http.Error(w,"Empty Body", http.StatusBadRequest)
}
fmt.Fprintf(os.Stdout,"Received Request\n")if r.URL.Path != "/mutate" {
fmt.Fprintf(os.Stderr, "Not a Validate URL Path")
http.Error(w, "Not A Validate URL Path", http.StatusBadRequest)
}
// Read the Response from the Kubernetes API and place it in the RequestarRequest := &v1.AdmissionReview{}
if err := json.Unmarshal(Body, arRequest); err != nil {
fmt.Fprintf(os.Stderr, "Error Unmarsheling the Body request")
http.Error(w, "Error Unmarsheling the Body request", http.StatusBadRequest)
return
}
raw := arRequest.Request.Object.Raw
obj := corev1.Pod{}
if !isKubeNamespace(arRequest.Request.Namespace) {

if err := json.Unmarshal(raw, &obj); err != nil {
fmt.Fprintf(os.Stderr, "Error , unable to Deserializing Pod")
http.Error(w,"Error , unable to Deserializing Pod", http.StatusBadRequest)
return
}
} else {
fmt.Fprintf(os.Stderr, "Error , unauthorized Namespace")
http.Error(w,"Error , unauthorized Namespace", http.StatusBadRequest)
return
}
containers := obj.Spec.ContainersarResponse := v1.AdmissionReview{
Response: &v1.AdmissionResponse{
UID: arRequest.Request.UID,
},
}
var patches []patchOperationfmt.Fprintf(os.Stdout, "Starting the Loop for containers\n")

// running a for loop on all the images in order to create the patch
for i , container := range containers {
fmt.Fprintf(os.Stdout, "container[%d] = %s imagePullPolicy = %s\n", i, container.Name , container.ImagePullPolicy)
if containers[i].ImagePullPolicy == "Never" || containers[i].ImagePullPolicy == "IfNotPresent" {

patches = append(patches, patchOperation{
Op: "replace",
Path: "/spec/containers/"+ strconv.Itoa(i) +"/imagePullPolicy",
Value: "Always",
})
}
}
fmt.Fprintf(os.Stdout, "the Json Is : \"%s\"\n", patches)patchBytes, err := json.Marshal(patches)if err != nil {
fmt.Fprintf(os.Stderr, "Can't encode Patches: %v", err)
http.Error(w, fmt.Sprintf("couldn't encode Patches: %v", err), http.StatusInternalServerError)
return
}
v1JSONPatch := admissionv1.PatchTypeJSONPatch
arResponse.APIVersion = "admission.k8s.io/v1"
arResponse.Kind = arRequest.Kind
arResponse.Response.Allowed = true
arResponse.Response.Patch = patchBytes
arResponse.Response.PatchType = &v1JSONPatch

resp, rErr := json.Marshal(arResponse)
if rErr != nil {
fmt.Fprintf(os.Stderr, "Can't encode response: %v", rErr)
http.Error(w, fmt.Sprintf("couldn't encode response: %v", rErr), http.StatusInternalServerError)
}
if _ , wErr := w.Write(resp); wErr != nil {
fmt.Fprintf(os.Stderr, "Can't write response: %v", wErr)
http.Error(w, fmt.Sprintf("cloud not write response: %v", wErr), http.StatusInternalServerError)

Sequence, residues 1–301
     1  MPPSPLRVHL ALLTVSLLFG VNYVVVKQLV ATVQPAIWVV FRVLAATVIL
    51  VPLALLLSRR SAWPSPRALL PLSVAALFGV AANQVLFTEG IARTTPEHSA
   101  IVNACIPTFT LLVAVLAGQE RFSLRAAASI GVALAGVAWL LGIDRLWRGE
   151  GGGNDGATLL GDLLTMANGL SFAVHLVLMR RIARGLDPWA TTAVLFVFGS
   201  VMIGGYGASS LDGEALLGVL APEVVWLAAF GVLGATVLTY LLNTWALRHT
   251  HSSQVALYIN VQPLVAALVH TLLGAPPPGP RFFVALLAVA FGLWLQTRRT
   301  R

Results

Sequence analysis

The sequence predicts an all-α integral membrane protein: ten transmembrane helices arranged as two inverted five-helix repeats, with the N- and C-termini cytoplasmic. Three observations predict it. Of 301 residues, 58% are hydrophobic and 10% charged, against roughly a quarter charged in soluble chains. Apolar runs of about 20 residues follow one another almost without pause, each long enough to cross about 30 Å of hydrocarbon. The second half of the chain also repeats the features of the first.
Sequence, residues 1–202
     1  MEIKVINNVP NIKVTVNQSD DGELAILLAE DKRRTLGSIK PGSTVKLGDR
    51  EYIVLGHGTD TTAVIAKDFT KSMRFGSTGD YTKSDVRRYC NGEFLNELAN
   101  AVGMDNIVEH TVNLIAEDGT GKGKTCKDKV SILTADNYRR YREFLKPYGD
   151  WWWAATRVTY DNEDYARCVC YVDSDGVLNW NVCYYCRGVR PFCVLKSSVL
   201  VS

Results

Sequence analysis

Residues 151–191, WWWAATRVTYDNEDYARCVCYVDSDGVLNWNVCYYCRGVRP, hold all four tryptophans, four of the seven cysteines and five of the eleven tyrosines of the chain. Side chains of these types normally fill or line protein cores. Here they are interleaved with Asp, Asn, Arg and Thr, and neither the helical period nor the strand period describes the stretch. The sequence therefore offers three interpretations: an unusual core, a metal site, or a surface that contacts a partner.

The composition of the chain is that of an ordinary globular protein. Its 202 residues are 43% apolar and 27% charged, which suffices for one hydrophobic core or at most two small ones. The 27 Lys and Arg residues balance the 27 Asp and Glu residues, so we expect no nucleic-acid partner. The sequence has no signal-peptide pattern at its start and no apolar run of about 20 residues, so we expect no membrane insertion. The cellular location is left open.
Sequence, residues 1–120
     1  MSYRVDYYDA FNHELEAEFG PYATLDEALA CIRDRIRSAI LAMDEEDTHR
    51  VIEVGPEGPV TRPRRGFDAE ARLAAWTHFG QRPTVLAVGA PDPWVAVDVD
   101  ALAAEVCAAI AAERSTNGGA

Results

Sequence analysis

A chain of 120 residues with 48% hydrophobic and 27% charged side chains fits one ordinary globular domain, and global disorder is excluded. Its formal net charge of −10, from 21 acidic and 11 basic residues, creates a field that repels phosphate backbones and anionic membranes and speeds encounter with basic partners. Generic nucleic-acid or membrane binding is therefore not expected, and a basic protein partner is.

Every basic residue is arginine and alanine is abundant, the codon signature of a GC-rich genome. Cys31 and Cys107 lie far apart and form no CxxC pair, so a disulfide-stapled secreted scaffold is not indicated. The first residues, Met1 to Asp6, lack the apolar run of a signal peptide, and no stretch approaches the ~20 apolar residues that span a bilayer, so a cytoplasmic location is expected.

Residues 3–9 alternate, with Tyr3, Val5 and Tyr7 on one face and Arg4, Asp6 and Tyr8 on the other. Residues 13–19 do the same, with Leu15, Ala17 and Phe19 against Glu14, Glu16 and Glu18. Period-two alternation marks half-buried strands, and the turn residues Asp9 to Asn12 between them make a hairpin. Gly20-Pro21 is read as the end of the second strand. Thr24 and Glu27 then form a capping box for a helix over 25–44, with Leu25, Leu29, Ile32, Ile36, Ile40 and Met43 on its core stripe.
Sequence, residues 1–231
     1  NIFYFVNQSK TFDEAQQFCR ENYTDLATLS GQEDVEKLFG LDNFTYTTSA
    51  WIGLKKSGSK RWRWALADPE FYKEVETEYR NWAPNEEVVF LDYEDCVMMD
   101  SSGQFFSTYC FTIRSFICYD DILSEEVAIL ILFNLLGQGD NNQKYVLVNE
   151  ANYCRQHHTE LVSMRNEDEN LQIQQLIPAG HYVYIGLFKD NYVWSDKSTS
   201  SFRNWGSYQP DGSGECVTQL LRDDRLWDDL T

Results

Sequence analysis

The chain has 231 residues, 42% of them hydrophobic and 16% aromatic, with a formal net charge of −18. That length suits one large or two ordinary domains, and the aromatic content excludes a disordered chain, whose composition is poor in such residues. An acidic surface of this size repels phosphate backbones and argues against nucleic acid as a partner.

}
}

Note that in both files our “good” response in in the end when we using w.Write as a function to send back the response.

Now that all the files are in place we need to make sure our modules + vendor directory is ready for build :

# go mod init ippac

And then to generate the vendor :

# go mod vendor

Now that everything is set we can move on and build the image.

Let’s create a Dockerfile that will build our go binary and then we will copy it to a scratch image.

change your working directory back to the GOPATH directory :

# cd $GOPATH

Now create a Containerfile (Yes, with your favorite editor) :

FROM ubi8/go-toolset AS builderRUN mkdir -p /opt/app-root/src/ippac
WORKDIR /opt/app-root/src/ippac
ENV GOPATH=/opt/app-root/
ENV PATH="${PATH}:/opt/app-root/src/go/bin/"
COPY src/ippac .
RUN CGO_ENABLED=0 GOOS=linux GOARCH=amd64 go build -o ippacFROM ubi8/ubi-minimal
COPY --from=builder /opt/app-root/src/ippac/ippac /usr/bin/
USER 1001
EXPOSE 8080 8443CMD ["/usr/bin/ippac"]
ENTRYPOINT ["/usr/bin/ippac"]

Go ahead and build the image (with buildah)

# buildah bud -f Containerfile -t registry.example.com/library/ippac

Once the image is ready we can push it to our registry :

# buildah push registry.example.com/library/ippac

Admission Controller Deployment

Or deployment is consistent of 3 parts :

  1. Creating a service with a “generate secret” annotation
  2. Deploying the image with the secret
  3. setting the Validation / Mutation web hook resource and annonating the webhook configration with the internal CA

As mentioned the Kubernetes Cluster and the webhook are communicating over TLS connection. For that we will create a certificate which we will provide to the Kubernetes Cluster and a Cert/Keys files for the application Pod in order to run the container with TLS support (you can see in the main.go file that we are initiating a TLS connection).

OpenShift manage internal CA and rotate the certificate authomatically. we can use this ability to provide a certificate for our admission controller. Service serving certificates are intended to support complex middleware applications that require encryption. These certificates are issued as TLS web server certificates.

The service-ca controller uses the x509.SHA256WithRSA signature algorithm to generate service certificates.

The generated certificate and key are in PEM format, stored in tls.crt and tls.key respectively, within a created secret. The certificate and key are automatically replaced when they get close to expiration.

Before we start let’s make sure we have a namespace :

# cat << EOF | oc apply -f -
apiVersion: v1
kind: Namespace
metadata:
name: kube-ippac
labels:
openshift.io/cluster-monitoring: "true"
EOF

Switch to it

# oc project kube-ippac